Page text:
© 2011 National Safety Council Firefighters Carry Support patients weight on your shoulders while holding patients thigh and arm
© 2011 National Safety Council Moving Patients – If Alone (continued) Responsive patient who can walk with help – 1-rescuer walking assist
© 2011 National Safety Council Moving Patients – With Help Responsive patient: 2-rescuer walking assist 2-rescuer cradle carry 2-rescuer extremity carry
© 2011 National Safety Council Rescuer Cradle Carry Both rescuers clasp arms behind patients back and under the legs
© 2011 National Safety Council Rescuer Extremity Carry To carry patient down steps: Forward rescuer grasps patients legs under the knees Rear rescuer reaches under patients armpits from behind to grasp patients forearms
© 2011 National Safety Council Rescuer Walking Assist Both rescuers position patients arms over their shoulders Each rescuer grasps patients wrist, with the other arm around patients waist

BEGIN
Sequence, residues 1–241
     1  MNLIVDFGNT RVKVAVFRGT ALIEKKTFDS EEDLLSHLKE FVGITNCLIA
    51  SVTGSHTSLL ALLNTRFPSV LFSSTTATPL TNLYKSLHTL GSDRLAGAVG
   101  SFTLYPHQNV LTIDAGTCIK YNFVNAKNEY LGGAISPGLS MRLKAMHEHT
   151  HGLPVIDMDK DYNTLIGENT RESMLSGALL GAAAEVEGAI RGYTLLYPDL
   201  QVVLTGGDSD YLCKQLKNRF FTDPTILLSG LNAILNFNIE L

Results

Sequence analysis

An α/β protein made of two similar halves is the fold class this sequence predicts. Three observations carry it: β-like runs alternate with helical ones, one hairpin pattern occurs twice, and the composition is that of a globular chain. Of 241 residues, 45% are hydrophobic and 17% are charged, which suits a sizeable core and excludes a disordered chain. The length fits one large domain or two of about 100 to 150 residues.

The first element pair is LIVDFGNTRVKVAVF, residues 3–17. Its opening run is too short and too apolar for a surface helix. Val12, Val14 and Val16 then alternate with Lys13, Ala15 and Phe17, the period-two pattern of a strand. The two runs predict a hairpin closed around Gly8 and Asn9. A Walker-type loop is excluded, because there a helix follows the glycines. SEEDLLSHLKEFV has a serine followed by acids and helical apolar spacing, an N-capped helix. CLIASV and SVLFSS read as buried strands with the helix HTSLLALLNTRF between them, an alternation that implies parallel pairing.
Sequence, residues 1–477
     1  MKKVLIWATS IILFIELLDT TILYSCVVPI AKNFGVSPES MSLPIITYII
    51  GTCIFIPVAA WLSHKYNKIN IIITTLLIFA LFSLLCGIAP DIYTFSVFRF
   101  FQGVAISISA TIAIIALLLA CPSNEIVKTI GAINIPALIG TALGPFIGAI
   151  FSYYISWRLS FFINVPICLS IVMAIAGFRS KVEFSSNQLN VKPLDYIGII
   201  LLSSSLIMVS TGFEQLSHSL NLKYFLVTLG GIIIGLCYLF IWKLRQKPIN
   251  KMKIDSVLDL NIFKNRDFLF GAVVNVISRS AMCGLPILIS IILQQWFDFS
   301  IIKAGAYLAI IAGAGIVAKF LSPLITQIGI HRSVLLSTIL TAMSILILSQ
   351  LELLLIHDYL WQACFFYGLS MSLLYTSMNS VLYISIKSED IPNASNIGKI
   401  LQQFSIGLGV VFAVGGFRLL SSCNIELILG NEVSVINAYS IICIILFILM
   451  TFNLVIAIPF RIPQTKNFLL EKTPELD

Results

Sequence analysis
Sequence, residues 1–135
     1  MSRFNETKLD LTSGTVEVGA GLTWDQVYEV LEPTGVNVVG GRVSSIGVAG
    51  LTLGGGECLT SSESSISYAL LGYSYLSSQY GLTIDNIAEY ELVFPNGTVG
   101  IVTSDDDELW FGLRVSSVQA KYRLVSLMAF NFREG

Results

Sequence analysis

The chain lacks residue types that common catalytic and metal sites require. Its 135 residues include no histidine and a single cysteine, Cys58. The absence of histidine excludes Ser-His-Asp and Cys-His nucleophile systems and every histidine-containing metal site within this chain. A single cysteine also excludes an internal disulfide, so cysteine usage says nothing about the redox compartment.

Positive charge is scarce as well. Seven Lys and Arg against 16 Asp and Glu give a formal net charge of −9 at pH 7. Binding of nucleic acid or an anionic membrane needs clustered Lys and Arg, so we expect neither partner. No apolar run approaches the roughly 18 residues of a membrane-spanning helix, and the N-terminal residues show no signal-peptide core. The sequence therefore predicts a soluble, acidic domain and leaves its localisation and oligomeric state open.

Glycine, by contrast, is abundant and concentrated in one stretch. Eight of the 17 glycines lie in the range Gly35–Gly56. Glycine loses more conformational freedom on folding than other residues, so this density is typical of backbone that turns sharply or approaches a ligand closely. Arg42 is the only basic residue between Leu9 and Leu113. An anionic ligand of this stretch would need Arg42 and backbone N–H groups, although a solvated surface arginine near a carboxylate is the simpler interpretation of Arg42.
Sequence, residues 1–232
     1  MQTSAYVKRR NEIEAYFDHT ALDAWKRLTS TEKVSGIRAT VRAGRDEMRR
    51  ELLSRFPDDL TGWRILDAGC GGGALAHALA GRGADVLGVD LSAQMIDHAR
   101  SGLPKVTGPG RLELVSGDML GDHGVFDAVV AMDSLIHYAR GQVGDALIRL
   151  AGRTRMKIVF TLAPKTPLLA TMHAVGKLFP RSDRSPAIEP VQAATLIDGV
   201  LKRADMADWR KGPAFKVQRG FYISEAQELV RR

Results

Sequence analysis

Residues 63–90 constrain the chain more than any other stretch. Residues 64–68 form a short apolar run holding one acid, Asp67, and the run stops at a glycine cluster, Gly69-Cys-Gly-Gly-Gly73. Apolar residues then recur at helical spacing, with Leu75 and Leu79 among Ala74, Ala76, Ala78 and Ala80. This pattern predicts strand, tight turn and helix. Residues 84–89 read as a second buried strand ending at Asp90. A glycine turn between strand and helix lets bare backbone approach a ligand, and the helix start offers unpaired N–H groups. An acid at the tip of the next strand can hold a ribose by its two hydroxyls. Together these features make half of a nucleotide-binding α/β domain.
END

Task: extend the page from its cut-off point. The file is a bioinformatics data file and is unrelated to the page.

© 2011 National Safety Council Urgent Moves Used when patient must be moved urgently and quickly, but situation allows a little more time to ensure patient safety An urgent move may be needed for: -Patients with altered mental status -Patients with inadequate breathing -Patients in shock -Other situations involving potential danger to patient
© 2011 National Safety Council Non-Emergency Moves Used to move patient when no threat to life Performed by multiple rescuers Not used if patient has suspected spinal injury, internal bleeding or uncontrolled external bleeding Generally used to prepare patient for transport Stabilize patient before moving Minimize any chance of aggravating illness or injury These moves are usually performed by responding EMS personnel
© 2011 National Safety Council Before Using a Non-Emergency Move Complete primary and secondary assessments Correct any life-threatening problems Immobilize all suspected fractures and dislocations Ensure there are no signs and symptoms of neck or spinal injury
© 2011 National Safety Council Direct Ground Lift Non-emergency move for patients without suspected neck or spinal injuries Used to lift and carry supine patient from ground to stretcher